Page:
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Giving birth during the Covid pandemic in France: from “everything went well” to a feeling of stolen motherhood Volume 41, issue 4, Décembre 2023

Authors
* Sociologue, Institut d’études démographiques (Ined), Unité « Santé et droits sexuels et reproductifs » (UR14), 9 cours des Humanités, 93300 Aubervilliers, France ;
** Sociologue et sage-femme, Université Paris Cité, IRD, Inserm, Ceped, 75006 Paris, France ;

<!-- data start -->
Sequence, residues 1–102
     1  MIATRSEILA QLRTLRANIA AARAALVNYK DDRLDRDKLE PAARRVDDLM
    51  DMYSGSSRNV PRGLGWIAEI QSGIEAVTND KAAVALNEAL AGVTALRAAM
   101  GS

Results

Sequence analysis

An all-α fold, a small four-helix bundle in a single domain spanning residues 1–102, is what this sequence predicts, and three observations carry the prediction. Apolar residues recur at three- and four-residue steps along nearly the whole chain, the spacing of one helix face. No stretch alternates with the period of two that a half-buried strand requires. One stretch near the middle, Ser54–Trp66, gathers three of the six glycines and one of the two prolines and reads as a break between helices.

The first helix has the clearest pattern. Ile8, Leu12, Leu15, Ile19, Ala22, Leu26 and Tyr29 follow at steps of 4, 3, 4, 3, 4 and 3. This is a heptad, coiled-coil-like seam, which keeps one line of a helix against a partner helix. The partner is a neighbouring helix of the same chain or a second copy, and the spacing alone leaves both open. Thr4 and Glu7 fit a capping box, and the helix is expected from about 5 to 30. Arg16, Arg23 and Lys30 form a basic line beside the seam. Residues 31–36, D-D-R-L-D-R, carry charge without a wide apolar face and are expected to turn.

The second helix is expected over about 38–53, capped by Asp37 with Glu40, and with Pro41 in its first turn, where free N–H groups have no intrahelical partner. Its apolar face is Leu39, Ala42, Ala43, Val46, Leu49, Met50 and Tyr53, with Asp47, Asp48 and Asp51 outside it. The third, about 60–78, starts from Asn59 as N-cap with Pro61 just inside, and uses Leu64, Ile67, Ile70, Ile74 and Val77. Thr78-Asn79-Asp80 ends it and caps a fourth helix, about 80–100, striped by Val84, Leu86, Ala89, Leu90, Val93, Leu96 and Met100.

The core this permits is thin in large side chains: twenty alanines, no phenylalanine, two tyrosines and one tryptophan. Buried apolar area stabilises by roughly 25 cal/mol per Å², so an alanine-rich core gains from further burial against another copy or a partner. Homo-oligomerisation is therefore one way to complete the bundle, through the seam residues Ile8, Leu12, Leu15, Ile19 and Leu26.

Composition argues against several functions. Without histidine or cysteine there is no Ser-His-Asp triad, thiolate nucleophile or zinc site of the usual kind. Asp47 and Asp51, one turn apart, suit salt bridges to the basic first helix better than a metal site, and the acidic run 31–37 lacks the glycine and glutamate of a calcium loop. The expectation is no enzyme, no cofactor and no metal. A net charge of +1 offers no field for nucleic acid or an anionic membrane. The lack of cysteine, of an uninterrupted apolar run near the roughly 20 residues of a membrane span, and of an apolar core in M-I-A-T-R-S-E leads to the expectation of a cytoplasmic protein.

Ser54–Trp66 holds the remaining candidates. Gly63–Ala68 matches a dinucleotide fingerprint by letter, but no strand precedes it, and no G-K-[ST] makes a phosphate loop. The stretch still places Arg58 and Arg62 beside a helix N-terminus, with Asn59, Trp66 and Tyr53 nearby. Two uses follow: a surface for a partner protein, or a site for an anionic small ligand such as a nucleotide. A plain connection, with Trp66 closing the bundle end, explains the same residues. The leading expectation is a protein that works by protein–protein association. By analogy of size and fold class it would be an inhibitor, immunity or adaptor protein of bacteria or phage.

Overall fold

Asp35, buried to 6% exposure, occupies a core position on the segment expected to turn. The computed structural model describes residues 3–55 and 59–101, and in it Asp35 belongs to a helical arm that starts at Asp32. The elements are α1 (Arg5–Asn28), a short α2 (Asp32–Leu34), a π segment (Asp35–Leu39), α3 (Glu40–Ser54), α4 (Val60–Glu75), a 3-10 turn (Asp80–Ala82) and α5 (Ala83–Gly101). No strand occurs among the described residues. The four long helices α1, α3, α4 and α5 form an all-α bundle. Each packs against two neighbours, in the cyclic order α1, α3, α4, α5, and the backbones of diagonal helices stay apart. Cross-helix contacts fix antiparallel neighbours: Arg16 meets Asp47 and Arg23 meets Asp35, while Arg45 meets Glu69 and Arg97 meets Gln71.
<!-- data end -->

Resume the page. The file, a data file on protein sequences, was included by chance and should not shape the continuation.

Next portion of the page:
From 2020, the Covid-19 pandemic has forced a reorganisation of care including in maternity wards, accentuating biomedical injunctions during pregnancy and childbirth. In France, the new restrictions and constraints observed in some hospitals have been widely publicised and relayed on social networks, particularly through the denunciation of two practices: the imposition of wearing a mask and the refusal to allow patients to be accompanied during childbirth. In this context, we conducted the MaterCovid19 research project on experiences of childbirth in Île-de-France and La Réunion during this period. The focus here is on the body experiences of women in the three public hospital maternity units included in the study. The main element that emerges from their narratives is the apprehension of having to give birth “alone”. At the end, the significant discrepancy between what women feared and the actual conditions of their delivery resulted in the declaration that “everything went well”. Nevertheless, few of them had anticipated the difficulties of being alone with the newborn following childbirth. Thus the pandemic created a strong feeling of loneliness among women, linked, even amplified, by a feeling of stolen motherhood. The majority of them therefore did not describe a positive experience of childbirth. The experience is, however, related to the women’s perceptions of motherhood and medicine, as well as to their personal and family history.